Q&A with Kekionga Craft Company: Fort Wayne’s first cidery

If you're looking for a fun and unique place to take friends and family this holiday season, try Kekionga Craft Company (@kekiongacraftcompany). Established in 2016, they are Fort Wayne’s first cidery in the historic Goeglein apple mill on the Northeast side of town on Maysville Road. They serve handcrafted cider, wine, and mead all made locally.

Kekionga craft company is located at 7328 Maysville Rd.

For an extra special experience, visit them during apple season from mid-Sept to the end of October, and catch one of their live apple pressings, after which you can purchase the fresh-pressed cider. 

Co-founder, Tyler Butcher, took us on a tour of the facility where you can sample their ciders, rent spaces for private events, or enjoy two outdoor dining areas in warmer months. You can also find their products at many local bars and restaurants in Northeast Indiana and at most major liquor stores.

Tyler Butcher

IFW: How did you come up with the name Kekionga Craft Company?

TB: Kekionga is the native name of the area where the Saint Joseph and St Marys rivers meet. My business partner (Logan Barger) and I are always interested in history, especially the history of our local areas. We thought this would be a great name to reference the history of the area.

An outdoor dining space at Kekionga Craft Company.

IFW: Do you source any of your apples locally?

TB: In-season, we get apples from Steve and Frank Hartman. They own an apple orchard off of Flutter Road. We use these for tasting room exclusive ciders. Most of our apples come from Michigan and New York, which are readily available year-round.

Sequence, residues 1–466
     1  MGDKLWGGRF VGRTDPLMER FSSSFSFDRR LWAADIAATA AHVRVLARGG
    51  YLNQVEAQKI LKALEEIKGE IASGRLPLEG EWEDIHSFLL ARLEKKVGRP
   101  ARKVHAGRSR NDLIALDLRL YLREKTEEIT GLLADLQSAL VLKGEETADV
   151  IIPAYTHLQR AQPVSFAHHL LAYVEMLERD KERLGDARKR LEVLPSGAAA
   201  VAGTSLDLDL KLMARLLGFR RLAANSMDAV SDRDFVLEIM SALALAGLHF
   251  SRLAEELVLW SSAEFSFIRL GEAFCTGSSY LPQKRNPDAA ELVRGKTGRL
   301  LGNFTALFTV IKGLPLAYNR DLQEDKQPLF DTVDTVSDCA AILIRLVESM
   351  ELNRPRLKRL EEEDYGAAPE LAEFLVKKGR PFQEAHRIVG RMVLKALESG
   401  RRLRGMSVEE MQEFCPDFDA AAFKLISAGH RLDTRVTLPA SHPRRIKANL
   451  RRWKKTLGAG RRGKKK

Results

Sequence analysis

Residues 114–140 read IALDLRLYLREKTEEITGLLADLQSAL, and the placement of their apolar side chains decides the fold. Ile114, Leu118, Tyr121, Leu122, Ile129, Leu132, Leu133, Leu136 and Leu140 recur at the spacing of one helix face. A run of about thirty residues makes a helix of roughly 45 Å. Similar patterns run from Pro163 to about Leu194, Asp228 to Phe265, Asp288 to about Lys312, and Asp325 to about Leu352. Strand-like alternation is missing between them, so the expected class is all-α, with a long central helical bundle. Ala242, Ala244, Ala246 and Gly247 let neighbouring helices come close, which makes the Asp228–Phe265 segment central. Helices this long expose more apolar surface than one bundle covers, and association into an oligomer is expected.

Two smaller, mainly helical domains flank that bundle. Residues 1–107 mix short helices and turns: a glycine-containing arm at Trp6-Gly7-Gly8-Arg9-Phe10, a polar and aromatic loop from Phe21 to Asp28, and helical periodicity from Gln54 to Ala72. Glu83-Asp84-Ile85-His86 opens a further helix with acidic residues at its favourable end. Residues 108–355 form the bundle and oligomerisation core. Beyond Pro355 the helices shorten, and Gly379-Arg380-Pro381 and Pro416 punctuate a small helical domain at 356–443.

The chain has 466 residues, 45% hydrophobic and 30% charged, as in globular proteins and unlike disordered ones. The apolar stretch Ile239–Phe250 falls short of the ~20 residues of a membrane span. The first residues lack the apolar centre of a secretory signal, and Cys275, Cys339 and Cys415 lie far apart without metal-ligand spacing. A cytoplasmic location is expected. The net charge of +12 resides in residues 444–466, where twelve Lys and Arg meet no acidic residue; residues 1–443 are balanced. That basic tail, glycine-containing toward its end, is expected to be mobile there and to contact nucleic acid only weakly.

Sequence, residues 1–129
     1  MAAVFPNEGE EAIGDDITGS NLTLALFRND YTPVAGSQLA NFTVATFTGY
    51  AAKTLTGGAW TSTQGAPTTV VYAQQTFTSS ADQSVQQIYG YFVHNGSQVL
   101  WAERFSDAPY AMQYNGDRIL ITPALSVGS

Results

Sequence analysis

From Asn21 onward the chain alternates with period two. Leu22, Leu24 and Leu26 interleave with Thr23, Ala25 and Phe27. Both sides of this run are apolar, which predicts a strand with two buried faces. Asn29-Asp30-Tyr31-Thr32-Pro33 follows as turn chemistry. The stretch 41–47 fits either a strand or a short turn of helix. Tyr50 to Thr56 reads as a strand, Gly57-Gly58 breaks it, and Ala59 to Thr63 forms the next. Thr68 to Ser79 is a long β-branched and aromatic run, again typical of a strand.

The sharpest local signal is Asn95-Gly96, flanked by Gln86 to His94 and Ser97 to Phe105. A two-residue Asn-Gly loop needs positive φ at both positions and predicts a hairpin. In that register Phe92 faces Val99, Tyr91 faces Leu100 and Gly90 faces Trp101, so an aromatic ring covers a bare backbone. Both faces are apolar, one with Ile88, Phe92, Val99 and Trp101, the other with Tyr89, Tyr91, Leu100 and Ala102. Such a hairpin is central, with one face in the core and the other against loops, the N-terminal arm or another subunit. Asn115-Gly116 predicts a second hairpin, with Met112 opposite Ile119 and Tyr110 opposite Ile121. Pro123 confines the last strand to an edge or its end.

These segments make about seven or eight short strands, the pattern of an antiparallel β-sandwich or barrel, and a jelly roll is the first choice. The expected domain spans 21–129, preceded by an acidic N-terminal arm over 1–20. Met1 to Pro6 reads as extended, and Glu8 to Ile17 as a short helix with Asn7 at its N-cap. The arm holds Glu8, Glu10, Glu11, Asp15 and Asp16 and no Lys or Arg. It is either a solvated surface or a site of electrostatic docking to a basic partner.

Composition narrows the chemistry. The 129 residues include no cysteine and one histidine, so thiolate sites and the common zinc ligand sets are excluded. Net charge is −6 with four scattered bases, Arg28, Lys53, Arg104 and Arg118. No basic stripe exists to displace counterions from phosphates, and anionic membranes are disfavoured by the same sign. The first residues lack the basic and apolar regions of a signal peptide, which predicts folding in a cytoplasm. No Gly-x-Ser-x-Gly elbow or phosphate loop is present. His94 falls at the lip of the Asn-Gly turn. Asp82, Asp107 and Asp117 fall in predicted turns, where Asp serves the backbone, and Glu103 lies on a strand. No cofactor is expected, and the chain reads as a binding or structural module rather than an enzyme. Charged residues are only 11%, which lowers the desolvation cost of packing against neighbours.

The tap room at Kekionga Craft Company.

IFW: Are there certain types of apples that make better ciders?

TB: Yes, there are apples that are specifically used for cider making. (Johnny Appleseed actually planted “cider” apples. Hard Cider was America’s original drink of choice!) Most of them are called Heirloom Apples. We use a lot of the Northern Spy apple. Otherwise, we have a proprietary blend of various dessert apples.

The apple press at Kekionga Craft Company.

IFW: One of your most recent commercials features your beautiful old apple press. Do you use any of our local composting services to dispose of your apple pulp?

TB: We give the apple pulp to Dick’s Organics, owned by Rick Ritter. He has an organic farm that raises food to be donated to local food banks. He also has rescue animals on his farm. 

The apple press at Kekionga Craft Company.

IFW: What’s your go-to cider recommendation for newbies?

TB: We typically recommend our Crisp. This is a simple sweet hard cider. I also recommend a few of our fruited ciders, Watermelon Gumballs & Basic Peach, for those who like other fruits. And for those, who have a dryer palate, we usually keep 1 or 2 ciders on tap that are fermented all the way dry. We have 12 taps of hard cider usually, so the best way to sample our styles is to get a flight, which has four 5 oz. pours.

You can find Kekionga Craft's products at many local bars and restaurants in Northeast Indiana and at most major liquor stores.